Ventilation Expert Reviews

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The sheer volume of online reviews speaks to their basic weakness; Because one is essentially free to post a review or expert advice on any topic, it’s all too easy to dash off unsubstantiated praise or criticism, or, worse, to construct misleading reviews without facing any consequences. It’s what economists (and others) refer to as the cheap-talk problem.




Beware of “experts” that do not accept new technologies and solutionsExpert - Wright that have been proven over time because they are so set in their current practices and they refuse to allow themselves to consider something new. The building science field is replete with new approaches, recommendations and solutions, and has advocates for different and often conflicting theories. At the end of the day, real world testing is the final arbiter. Historically, science theories evolve and have changed when facts have proven otherwise.

WAVE Moisture Control and Ventilation units have solved moisture related problems and poor indoor air quality in basements and crawl spaces for over 25 years, with tens of thousands satisfied homeowners.  Ventilation  has been promoted as an efficient and superior technology, in comparison to dehumidifiers, to effectively control moisture and expel indoor air pollutants on a continual basis. Ventilation  technology has been tested by the Department of Energy, recommended by the EPA Indoor airPLus program, World Health Organization and other leading health authorities. See what the US Consumer Product Safety Commission has to say about moisture control and improving indoor air quality. Humidex and WAVE units have been evaluated and installed in HUD projects, military housing, public housing, by property management companies, builders, and incorporated into home improvement services companies. This alone speaks volumes about the performance and reliability of these products.

True Science comes from Real Data, not Hypothesis or Hidden Agendas

True scientists have protocols to test measure and reach unbiased results. When online “experts” give their unsolicited opinion, one has to step back and consider the underlying motivations and credibility especially when opining on products and technologies they have actually never tested themselves.

The EPA, World Health Organization, Surgeon General, US Consumer Product Safety Commission, ASHRAE codes, Asthma Institute and American Lung Association all emphasize that indoor air contaminants are at higher levels than the exterior air and pose a major health issue and needs to be improved.

Often a less expensive and affordable solution is not promoted because it disrupts the marketplace. Ask yourself could that be a possible motivation to invalidate a superior solution that costs substantially less than what you are selling and has guaranteed performance results?

You be the judge! It’s your home and health!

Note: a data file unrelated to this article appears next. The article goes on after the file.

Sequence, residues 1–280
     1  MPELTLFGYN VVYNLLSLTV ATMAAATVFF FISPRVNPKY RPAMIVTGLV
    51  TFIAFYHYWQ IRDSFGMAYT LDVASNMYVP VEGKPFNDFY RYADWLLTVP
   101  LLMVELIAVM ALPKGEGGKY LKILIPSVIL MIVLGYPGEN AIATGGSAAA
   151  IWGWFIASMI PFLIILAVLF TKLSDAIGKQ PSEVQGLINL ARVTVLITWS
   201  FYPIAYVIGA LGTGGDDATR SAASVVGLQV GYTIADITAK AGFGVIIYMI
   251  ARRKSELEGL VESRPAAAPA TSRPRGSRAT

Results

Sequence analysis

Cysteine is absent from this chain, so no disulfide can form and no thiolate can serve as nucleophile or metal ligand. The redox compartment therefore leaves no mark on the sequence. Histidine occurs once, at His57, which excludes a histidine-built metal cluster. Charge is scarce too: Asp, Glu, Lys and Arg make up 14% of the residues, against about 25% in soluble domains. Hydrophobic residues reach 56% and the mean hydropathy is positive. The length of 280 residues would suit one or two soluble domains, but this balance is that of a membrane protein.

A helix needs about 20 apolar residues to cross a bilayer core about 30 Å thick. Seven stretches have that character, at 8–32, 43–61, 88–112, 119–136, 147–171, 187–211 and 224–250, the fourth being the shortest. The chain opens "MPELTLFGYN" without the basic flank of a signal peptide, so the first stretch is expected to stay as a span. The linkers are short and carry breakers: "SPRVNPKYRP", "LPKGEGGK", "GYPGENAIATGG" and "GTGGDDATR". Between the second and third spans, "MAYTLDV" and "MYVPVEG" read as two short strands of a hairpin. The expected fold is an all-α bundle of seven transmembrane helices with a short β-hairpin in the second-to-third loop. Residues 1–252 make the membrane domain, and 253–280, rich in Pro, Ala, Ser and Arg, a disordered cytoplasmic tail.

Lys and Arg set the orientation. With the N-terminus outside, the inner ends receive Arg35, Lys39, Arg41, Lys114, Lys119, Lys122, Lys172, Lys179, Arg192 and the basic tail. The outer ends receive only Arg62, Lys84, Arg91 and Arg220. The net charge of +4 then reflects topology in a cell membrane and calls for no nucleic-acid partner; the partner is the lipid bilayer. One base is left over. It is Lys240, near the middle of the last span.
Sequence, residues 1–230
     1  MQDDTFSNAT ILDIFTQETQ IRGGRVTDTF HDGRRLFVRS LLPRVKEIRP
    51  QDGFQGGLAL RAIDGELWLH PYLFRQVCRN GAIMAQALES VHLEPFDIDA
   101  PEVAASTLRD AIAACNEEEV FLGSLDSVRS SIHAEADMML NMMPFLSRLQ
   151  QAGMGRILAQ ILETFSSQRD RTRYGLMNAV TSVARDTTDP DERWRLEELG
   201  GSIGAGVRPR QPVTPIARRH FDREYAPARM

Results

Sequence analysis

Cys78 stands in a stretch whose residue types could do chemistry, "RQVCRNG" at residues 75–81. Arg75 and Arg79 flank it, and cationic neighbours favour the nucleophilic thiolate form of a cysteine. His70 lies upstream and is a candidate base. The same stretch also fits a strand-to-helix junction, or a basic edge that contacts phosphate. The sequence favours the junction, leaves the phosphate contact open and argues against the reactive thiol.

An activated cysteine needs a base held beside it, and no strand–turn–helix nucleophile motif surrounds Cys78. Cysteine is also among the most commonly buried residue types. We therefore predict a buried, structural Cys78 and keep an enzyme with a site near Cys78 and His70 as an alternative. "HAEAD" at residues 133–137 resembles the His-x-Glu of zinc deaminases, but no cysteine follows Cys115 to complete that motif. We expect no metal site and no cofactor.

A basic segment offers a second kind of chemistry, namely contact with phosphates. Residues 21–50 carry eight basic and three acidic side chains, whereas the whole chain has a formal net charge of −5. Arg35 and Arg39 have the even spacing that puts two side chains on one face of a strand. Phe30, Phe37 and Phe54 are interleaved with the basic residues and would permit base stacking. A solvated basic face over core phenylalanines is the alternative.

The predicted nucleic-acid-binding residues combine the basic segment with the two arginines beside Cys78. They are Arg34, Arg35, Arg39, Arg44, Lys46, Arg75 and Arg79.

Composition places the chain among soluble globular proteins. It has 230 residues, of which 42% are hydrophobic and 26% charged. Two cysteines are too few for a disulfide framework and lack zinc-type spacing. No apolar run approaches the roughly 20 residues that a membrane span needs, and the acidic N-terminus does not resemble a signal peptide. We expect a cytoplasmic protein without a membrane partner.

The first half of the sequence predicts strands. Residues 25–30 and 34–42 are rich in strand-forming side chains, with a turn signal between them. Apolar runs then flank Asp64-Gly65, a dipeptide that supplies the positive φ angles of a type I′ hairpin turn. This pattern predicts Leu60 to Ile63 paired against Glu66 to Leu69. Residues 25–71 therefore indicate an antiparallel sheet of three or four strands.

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  1. Ken Gerhing on February 24, 2016 at 11:09 am

    Yes, ventilation is effective at reducing indoor %RH when the outdoor dew points are <55^F.
    Yes, fresh air change is important when the home is occupied.
    When the outdoor dew points are 60^F, fresh air makes the home damp.
    Significant dehumidification is required to keep the home dry, importantly in the cool basement/crawlspace. During high cooling hours, the a/c may keep the home dry.
    During low/no cooling loads, supplemental dehumidification is required.
    Reqards Ken Gehring

    • elie on February 26, 2016 at 2:01 pm

      Thanks for your comments Ken. You are correct that when outdoor dew points are high, fresh air will need to be conditioned via the A/C. That is why the WAVE Moisture Control and Ventilation units draw their replenishment air from the upper level where the air is typically conditioned. And despite bringing in fresh air that will be conditioned, the overall energy efficiency is improved as demonstrated by the Department of Energy sponsored test, as the load on the A/C unit is diminished if the lower level of the home is dry.

  2. Matt on February 6, 2019 at 6:09 pm

    While I know that a basement is not fully sealed and air can transfer through penetrations such as holes for pipes duct work, etc. what stops the unit from pulling in outside air through doors and windows in the basement instead of upstairs. I have an unfinished walkout basement that is above ground on 3 sides with several windows and doors. While sealed pretty good I suspect they leak like most doors and a unit like this would pull in humid air rather than conditioned air from upstairs.

    • elie on February 7, 2019 at 12:26 pm

      Thanks for you question. One of the key factors in the performance of our units is proper installation. We always recommend sealing any obvious draft points or known leakage. Every installer does a simple “tissue test” to ensure that the air is pulling from the upper level and not from somewhere else.

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